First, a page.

“Gospel” (Used 9 times)
ange on 03/14/2013 at 10:30AM
Even in the biggest pile of horse crap, there's gotta be pony somewhere. When Hurricane Sandy turned the freeform radio station WFMU into an island, damaging valuable equipment and sinking their annual record fair fundraiser, one of the bright post-storm rainbows was an incredible night of music at the The Bell House in Brooklyn.
The Hurricane Sandy Relief benefit featured outstanding performances from Arrington De Dionyso of Old Time Relijun, followed by the Dot Wiggin Band, Jon Spencer Blues Explosion, and Texas psych/gospel legends-rediscovered The Relatives. At the show, WFMU's comeback story paralleled the journeys of many of the evenings performers.
If you're not following the growing popularity of The Relatives, you should be. Their music and resurrection story were recently featured in the New York Times and on NPR, which means your mom might be calling to ask you about them soon. The long story short is that after 30 years, they are just now releasing their first full album of original work (available for streaming here), and it seems the world is finally ready to embrace a sound I've seen best described as "Jesus on LSD."
Also performing that night was another comeback kid, Dot Semprini aka. Dot Wiggin, the lead singer of '60s all-female group The Shaggs. Depending on whom you ask, they were either the best band of all time or the worst. One of their classically controversial songs "My Pal Foot Foot" closed off their set that night. It's an ode to Dot's lost cat that will either make your brain hurt or remind you why Dot holds the place she does in Rock and Roll history.
As you enjoy these live sets, take a moment to send dry thoughts and financial support in the direction of the station these bands came out to celebrate. The WFMU 2013 Marathon is underway, and it's a chance to say thank you to the station that helps you discover incredible music throughout the year and who parents this very archive.
natewooley on 04/28/2011 at 05:34PM
When I was growing up, I was a voracious reader of Aldous Huxley. Not that I was a believer in his theories, or even a great fan of his writing style, but Huxley was the first thinker I had encountered that had that kind of broad base of knowledge that people associate with the term "renaissance man". I've always been drawn to these sorts of people, those that can analyze Scelsi after one or two listenings, then recreate a Szechuan dish from scratch, and tromp you on the basketball court. Maybe it's some sort of hard-wired search for my own brand of the Nietzchean super man, but I hope not.
Enter Ben Hall. Object based percussionist with groups like New Monuments and Graveyards...Label head of Broken Research Recordings...Sculptor....Conceptual Artist....Detroit social activist....Restaurateur....Featured once on CNN Business News....Former handball great.....Graffiti artist.....Cook of some of the best macrobiotic food I've ever eaten.....and most germane to this blog entry.......COLLECTOR.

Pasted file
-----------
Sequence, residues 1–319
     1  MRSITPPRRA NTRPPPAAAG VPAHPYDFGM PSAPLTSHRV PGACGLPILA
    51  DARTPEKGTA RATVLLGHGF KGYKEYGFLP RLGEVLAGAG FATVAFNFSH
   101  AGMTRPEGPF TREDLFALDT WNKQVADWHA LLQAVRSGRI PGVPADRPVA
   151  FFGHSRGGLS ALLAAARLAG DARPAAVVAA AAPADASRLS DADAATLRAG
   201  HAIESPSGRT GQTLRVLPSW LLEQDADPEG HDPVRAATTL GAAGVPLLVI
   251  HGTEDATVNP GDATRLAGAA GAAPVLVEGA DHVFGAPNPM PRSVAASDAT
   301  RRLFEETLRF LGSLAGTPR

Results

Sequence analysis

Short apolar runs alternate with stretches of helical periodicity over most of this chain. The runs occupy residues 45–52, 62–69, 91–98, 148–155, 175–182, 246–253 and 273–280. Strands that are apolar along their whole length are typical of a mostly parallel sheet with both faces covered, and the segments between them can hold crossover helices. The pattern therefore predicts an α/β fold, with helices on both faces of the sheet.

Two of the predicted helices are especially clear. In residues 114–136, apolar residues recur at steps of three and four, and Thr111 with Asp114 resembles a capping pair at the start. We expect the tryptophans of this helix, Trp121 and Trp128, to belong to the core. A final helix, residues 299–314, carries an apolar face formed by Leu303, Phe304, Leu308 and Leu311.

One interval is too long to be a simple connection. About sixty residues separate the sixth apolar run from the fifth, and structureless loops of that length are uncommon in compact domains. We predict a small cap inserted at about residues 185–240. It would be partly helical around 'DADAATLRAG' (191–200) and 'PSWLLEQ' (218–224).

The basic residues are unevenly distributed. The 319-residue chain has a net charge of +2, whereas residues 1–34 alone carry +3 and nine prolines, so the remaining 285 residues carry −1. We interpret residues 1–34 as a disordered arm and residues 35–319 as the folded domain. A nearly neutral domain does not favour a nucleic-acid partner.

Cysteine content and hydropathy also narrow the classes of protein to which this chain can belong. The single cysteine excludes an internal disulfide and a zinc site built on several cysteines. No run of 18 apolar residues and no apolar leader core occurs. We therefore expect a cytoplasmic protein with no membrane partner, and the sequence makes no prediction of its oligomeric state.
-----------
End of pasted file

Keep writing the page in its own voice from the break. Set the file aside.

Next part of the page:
Ben has been collecting Southern and Detroit gospel 45s, 78s, and LPs for years and while, initially, his entrepreneurial spirit had a hand in his collection, he is now providing the bulk of his recordings on his own website: www.baptizum.com.
When we started dealing seriously with archives at DRAM, I was very gung ho to get this collection, in some sort of curated form, as part of our burgeoning collection. I've always been proud in the music we present in DRAM, but the A does stand for American and the fact that we had no representation of American Gospel music, seemed to me to be an oversight in search of a resolution.
Well, fret no more, because as of Sunday, May 1st, the bulk of the ongoing Ben Hall Gospel Archival Project will be up and available for those with access to DRAM. (an aside, many have asked about individual subscriptions to DRAM, and we are working out the process. If you are interested, please write me at firstname.lastname@example.org and I'll let you know how you can get an individual subscription to this archive and all the other great stuff on DRAM).
Not only are we presenting over 300 tracks of vocal quartet, Motown R&B gospel, and amateur/professional recordings of gospels choirs and sermons from Harlem, Detroit and the American South, but we have wrangled one of my favorite novelists of all time, Rick Moody, to write the opening exhortation to the archive. I sent the whole collection to him to listen to for research, and he was so blown away by the music, and by the personality of Ben (remember....renaissance superman) that he also, under his own steam, did the interview found below, which talks about collecting records, the fellowship of making music available, and growing up in Detroit.
As a little teaser, I've included the first five tracks from the archive as well, just for some Sunday morning listening.